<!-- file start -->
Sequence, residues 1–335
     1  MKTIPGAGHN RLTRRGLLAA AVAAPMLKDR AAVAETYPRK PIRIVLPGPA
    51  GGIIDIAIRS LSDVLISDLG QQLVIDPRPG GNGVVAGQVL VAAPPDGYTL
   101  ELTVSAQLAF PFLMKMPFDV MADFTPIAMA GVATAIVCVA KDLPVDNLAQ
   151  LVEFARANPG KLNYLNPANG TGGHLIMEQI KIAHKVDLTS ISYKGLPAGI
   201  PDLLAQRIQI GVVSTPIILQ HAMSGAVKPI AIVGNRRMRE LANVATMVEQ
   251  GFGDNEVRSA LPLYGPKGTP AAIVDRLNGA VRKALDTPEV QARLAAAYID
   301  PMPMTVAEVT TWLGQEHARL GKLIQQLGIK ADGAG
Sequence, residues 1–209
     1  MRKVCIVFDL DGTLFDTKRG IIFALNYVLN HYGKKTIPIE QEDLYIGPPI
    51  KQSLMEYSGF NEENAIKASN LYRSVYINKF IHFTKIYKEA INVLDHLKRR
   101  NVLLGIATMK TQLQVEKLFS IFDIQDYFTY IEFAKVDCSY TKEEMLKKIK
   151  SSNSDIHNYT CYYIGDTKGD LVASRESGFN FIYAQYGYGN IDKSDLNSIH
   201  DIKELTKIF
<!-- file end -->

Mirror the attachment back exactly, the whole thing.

Sequence, residues 1–335
     1  MKTIPGAGHN RLTRRGLLAA AVAAPMLKDR AAVAETYPRK PIRIVLPGPA
    51  GGIIDIAIRS LSDVLISDLG QQLVIDPRPG GNGVVAGQVL VAAPPDGYTL
   101  ELTVSAQLAF PFLMKMPFDV MADFTPIAMA GVATAIVCVA KDLPVDNLAQ
   151  LVEFARANPG KLNYLNPANG TGGHLIMEQI KIAHKVDLTS ISYKGLPAGI
   201  PDLLAQRIQI GVVSTPIILQ HAMSGAVKPI AIVGNRRMRE LANVATMVEQ
   251  GFGDNEVRSA LPLYGPKGTP AAIVDRLNGA VRKALDTPEV QARLAAAYID
   301  PMPMTVAEVT TWLGQEHARL GKLIQQLGIK ADGAG
Sequence, residues 1–209
     1  MRKVCIVFDL DGTLFDTKRG IIFALNYVLN HYGKKTIPIE QEDLYIGPPI
    51  KQSLMEYSGF NEENAIKASN LYRSVYINKF IHFTKIYKEA INVLDHLKRR
   101  NVLLGIATMK TQLQVEKLFS IFDIQDYFTY IEFAKVDCSY TKEEMLKKIK
   151  SSNSDIHNYT CYYIGDTKGD LVASRESGFN FIYAQYGYGN IDKSDLNSIH
   201  DIKELTKIF